MF Fitness I (3)

Getting into fitness can mean so many different things to so many different people. For example, one man’s idea of making a foray into fitness may simply mean taking steps to achieve consistent, rejuvenating sleep. On the other hand, someone else may have a more mainstream view of fitness and consider joining a gym to be the first step in a get-fit direction.

For the purposes of this article, we will focus on what fitness may mean to a specific portion of the population: professional massage therapists and bodyworkers. We also will touch upon the ways in which fitness may affect or become a part of the professional massage or bodywork practice. To begin with, it is important to remember that providing massage therapy or bodywork on a regular basis is physically demanding.

The reason this is important to keep in mind is because the practitioner needs to realize she is using her body and physical energy on a daily basis in order to make an income through providing massage therapy or bodywork. This, in turn, means that if one’s body or physical energy declines to a certain point, then booking session may cease to be an option. Obviously, this is the burn-out point that every practitioner wants to avoid.

Therefore, fitness tends to take on even greater importance in the lives of professional massage therapists and bodyworkers than in the lives of other people who may make their living in a way that does not involve the body and physical energy. In other words, for touch therapists, fitness may be not only about increased health and well-being, but also about career longevity and the ability to bring in an income.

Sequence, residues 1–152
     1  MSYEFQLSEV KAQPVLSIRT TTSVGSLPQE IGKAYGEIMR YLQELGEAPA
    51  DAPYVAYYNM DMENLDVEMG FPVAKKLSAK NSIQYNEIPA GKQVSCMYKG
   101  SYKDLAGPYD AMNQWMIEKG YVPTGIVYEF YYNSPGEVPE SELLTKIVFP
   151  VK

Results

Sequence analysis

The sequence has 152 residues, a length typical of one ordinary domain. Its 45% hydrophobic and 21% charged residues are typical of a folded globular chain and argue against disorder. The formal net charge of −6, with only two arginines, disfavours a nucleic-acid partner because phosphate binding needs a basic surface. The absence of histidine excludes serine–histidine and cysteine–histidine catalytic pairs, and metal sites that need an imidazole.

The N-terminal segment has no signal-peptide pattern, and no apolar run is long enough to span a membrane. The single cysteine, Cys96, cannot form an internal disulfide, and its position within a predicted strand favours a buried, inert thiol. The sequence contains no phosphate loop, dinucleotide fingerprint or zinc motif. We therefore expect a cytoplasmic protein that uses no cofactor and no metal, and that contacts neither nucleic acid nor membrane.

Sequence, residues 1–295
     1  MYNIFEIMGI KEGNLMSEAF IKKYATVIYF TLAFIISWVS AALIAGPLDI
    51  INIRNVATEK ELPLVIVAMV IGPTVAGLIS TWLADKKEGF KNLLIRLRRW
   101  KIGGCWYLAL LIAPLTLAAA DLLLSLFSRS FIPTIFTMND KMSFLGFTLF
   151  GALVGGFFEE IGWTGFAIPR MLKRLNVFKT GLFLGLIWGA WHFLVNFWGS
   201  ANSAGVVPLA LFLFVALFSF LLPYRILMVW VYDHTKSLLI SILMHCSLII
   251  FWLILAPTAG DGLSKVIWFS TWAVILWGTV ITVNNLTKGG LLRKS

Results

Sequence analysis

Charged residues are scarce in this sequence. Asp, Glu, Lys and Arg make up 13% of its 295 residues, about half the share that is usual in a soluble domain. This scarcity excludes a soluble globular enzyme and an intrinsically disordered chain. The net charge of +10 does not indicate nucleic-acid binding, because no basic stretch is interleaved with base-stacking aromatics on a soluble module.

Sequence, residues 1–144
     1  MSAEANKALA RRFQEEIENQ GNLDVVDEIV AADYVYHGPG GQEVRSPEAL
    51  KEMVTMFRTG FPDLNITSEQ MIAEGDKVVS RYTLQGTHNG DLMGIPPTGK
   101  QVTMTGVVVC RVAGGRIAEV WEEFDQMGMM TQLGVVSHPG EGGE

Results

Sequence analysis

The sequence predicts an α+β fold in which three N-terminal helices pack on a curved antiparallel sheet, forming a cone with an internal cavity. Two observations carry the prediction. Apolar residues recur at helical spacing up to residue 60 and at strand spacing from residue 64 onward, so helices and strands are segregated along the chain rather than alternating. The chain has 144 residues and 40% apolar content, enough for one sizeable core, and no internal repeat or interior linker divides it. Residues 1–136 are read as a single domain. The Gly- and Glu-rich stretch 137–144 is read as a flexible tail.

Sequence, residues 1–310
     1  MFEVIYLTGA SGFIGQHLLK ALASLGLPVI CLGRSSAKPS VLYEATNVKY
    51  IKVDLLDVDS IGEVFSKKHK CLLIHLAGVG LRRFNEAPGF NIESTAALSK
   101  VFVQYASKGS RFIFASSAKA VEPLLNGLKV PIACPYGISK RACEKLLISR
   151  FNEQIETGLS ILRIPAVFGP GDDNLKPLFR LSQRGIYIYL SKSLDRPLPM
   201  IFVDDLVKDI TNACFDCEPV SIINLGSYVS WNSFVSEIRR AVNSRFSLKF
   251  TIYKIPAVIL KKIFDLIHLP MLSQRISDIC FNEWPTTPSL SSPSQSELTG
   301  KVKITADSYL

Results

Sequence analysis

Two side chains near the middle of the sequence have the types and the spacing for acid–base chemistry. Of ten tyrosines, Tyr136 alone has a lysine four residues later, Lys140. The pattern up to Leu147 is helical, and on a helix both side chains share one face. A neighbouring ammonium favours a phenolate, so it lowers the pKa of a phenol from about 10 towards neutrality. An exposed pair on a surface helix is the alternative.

Of course, just like other members of the population, fitness will tend to mean different things depending on the massage therapist or bodyworker you ask. For example, one practitioner may find he feels refreshed and ready for a day filled with appointments as long as he gets in his morning swim and stretch session. For another practitioner, doing resistance training and cardio exercises three times a week may be the perfect formula for staying strong and energized during each work day.

If you are unsure what form of fitness will bring the best benefits to you and your massage or bodywork practice, then a bit of reflection and experimentation may be in order. For instance, if your shoulders and biceps feel too weak to perform techniques properly after a long day of appointments, you may want to see if you can come up with a weight-training routine that will build your strength in these areas.

On the other hand, you may find that stretching is the form of fitness you most need to implement in order to feel strong and capable even on those long days of back-to-back sessions. The key here is to simply explore the many facets of fitness to find what works best for you and your massage therapy or bodywork practice.

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